A winter storm that will bring heavy, wet snow, rain and powerful wind gusts to Maine on Monday has put the state’s two major utility companies and the state agency that monitors emergency preparedness on high alert.

The Maine Emergency Management Agency, in an announcement issued Sunday, said that it has been working closely with Central Maine Power Co. and Versant Power Co. to ensure that line crews will be ready to respond to any outages caused by the snowstorm.

Scattered power outages are likely because of two factors: heavy, wet snow over inland areas and wind gusts reaching up to 65 mph on the coast. A combination of heavy, wet snow and strong winds have the strength to knock trees and branches onto power lines.

“Given the nature of this storm, we anticipate that scattered power outages are possible,” MEMA Director Peter Rogers said Sunday in a news release. “In addition to unsafe driving conditions, we also urge Maine folks to be cautious while shoveling out from the storm.”

The National Weather Service office in Gray on Sunday issued a high wind warning effective from 5 a.m. through 4 p.m. Monday. The warning calls for wind gusts 0f 55 to 65 mph along the coast stretching from York County to Waldo County. Widespread power outages are expected, according to the warning. The highest wind gusts are expected to occur during the morning and midday hours, but should diminish by late afternoon.

The impact of Monday’s storm will also depend on where people live. While coastal communities will escape large snow accumulations, they will be impacted by high winds. Interior and mountainous regions will be dealing with a lot of heavy, wet snow, with mountain regions expected to see up to a foot of snow. Some inland areas could see snow falling at a rate of 1 to 3 inches per hour. Meanwhile, strong winds are expected to batter the coast, with gusts exceeding 60 mph in the Machias and Eastport region. The National Weather Service office in Caribou is forecasting snowfall amounts of 6-10 inches in Somerset and northern and central Piscataquis County.


“We are looking at a wide variety of impacts,” Derek Schroeter, a meteorologist with the National Weather Service, said Sunday evening. “Closer to the coast we’d expect to see power outages just from the sheer force of the wind.”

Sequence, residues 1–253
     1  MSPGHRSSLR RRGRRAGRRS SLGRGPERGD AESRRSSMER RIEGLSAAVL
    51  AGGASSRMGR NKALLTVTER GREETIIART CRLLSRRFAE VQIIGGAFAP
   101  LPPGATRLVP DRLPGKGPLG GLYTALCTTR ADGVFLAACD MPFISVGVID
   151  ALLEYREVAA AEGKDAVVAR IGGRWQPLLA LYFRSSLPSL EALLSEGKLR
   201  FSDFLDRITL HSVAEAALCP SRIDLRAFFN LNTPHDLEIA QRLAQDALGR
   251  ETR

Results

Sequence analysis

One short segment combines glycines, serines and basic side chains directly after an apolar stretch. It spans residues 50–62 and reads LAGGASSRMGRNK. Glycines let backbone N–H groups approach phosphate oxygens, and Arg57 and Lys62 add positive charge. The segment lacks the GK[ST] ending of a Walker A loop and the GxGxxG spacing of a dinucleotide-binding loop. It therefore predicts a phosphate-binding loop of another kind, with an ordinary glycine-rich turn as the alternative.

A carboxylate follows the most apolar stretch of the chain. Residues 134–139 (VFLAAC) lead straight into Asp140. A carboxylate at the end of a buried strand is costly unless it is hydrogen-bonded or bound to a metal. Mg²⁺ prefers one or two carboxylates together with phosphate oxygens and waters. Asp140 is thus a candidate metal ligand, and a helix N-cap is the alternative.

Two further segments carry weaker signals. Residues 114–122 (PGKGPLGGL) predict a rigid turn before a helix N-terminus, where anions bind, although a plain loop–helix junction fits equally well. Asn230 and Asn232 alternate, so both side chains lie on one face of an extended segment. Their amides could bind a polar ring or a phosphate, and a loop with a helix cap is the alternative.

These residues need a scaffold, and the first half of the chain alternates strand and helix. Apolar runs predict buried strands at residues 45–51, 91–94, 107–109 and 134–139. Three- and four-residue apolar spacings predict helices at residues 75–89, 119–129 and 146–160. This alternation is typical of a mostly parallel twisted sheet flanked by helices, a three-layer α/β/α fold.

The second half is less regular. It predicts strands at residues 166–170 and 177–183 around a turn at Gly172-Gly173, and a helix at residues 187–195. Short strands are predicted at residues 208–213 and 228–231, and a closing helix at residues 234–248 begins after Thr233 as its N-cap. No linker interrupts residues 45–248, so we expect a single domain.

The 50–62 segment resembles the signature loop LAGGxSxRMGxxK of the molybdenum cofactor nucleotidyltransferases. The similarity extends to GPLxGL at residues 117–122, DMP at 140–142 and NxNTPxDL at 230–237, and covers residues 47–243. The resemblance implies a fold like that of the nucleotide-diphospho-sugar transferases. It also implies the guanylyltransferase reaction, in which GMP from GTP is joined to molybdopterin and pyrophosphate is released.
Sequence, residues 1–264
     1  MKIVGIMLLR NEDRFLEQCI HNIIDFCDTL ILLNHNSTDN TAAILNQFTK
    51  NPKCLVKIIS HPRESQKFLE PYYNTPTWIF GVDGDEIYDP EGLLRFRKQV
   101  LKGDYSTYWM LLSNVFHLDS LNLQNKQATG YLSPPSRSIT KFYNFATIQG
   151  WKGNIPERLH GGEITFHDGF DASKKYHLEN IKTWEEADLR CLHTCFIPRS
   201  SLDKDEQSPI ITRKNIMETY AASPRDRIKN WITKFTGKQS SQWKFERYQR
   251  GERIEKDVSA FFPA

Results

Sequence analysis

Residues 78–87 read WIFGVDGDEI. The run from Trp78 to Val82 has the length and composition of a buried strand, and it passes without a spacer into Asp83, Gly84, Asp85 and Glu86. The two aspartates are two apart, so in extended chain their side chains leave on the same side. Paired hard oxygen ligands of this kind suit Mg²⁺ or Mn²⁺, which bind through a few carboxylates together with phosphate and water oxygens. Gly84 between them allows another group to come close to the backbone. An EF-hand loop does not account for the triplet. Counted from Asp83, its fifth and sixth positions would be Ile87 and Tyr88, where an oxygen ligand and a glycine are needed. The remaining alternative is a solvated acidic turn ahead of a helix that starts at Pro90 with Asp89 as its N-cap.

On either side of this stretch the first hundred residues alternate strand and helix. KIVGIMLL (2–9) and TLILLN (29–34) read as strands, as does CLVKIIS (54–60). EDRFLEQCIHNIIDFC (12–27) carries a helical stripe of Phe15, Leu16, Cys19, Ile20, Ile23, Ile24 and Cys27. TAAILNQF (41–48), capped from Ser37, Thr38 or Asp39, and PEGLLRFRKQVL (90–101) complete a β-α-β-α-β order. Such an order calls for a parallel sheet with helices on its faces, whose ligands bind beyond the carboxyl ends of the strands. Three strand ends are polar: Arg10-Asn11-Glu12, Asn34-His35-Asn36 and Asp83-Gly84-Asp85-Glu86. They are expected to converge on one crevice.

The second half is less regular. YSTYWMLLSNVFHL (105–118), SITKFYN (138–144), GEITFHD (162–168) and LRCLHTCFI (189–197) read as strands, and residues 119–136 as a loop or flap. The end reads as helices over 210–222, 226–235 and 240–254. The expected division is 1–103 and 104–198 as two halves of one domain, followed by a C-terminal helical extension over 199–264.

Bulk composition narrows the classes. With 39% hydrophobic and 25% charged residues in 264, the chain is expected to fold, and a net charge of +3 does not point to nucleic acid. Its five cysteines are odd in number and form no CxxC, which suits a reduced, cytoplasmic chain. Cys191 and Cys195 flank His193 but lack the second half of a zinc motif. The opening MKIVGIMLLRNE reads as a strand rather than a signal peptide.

Schroeter said the storm will start out as snow in Portland and coastal regions before changing over entirely to rain around 11 a.m. Portland will get anywhere from a coating of snow up to 2 inches before it starts to rain. But inland communities are in line for a lot of snow, ranging from 6 inches around Sebago Lake to northern Cumberland County to 8 to 12 inches of snow in the mountains.

CMP and Versant said they are mustering their forces in preparation for the messy, winter onslaught.

CMP issued a statement ahead of the snowstorm letting customers know that its crews are prepared to deal with outages that could be caused by “some challenging weather.” CMP said it expects the storm, which was to move into Maine late Sunday night, to have its greatest impact throughout the day Monday.

“This is a tough time of the year when it comes to the weather in Maine,” CMP’s vice president of electronic operations, Adam Desrosiers, said in a news release. “…We are preparing for what is looking to be a very messy winter storm. Heavy wet snow, like what is forecast on Monday, also causes trees and limbs to break and fall onto power lines, ultimately resulting in outages. Regardless, we are prepared, with internal crews and additional resources ready to respond should outages occur.”

CMP serves about 646,000 customers in 346 communities in central and southern Maine.

“We have internal crews, local contract crews and tree crews on standing on Monday ready to respond if winds or fallen tree limbs cause damage to the electrical system,” Larry Rocha, storm manager for Versant Power, said in a statement. Versant serves utility customers in the Bangor and Presque Isle regions as well as Down East Maine.

Because the snow accumulations are expected to be wet and heavy, MEMA advised residents who must shovel snow to push it instead of lifting it whenever possible. MEMA also advises that residents bend their knees as well as to lift snow with their legs, not their backs. Avoid shoveling after eating or while smoking and be sure to pace yourself because shoveling can raise a person’s heart rate and blood pressure, MEMA warns.

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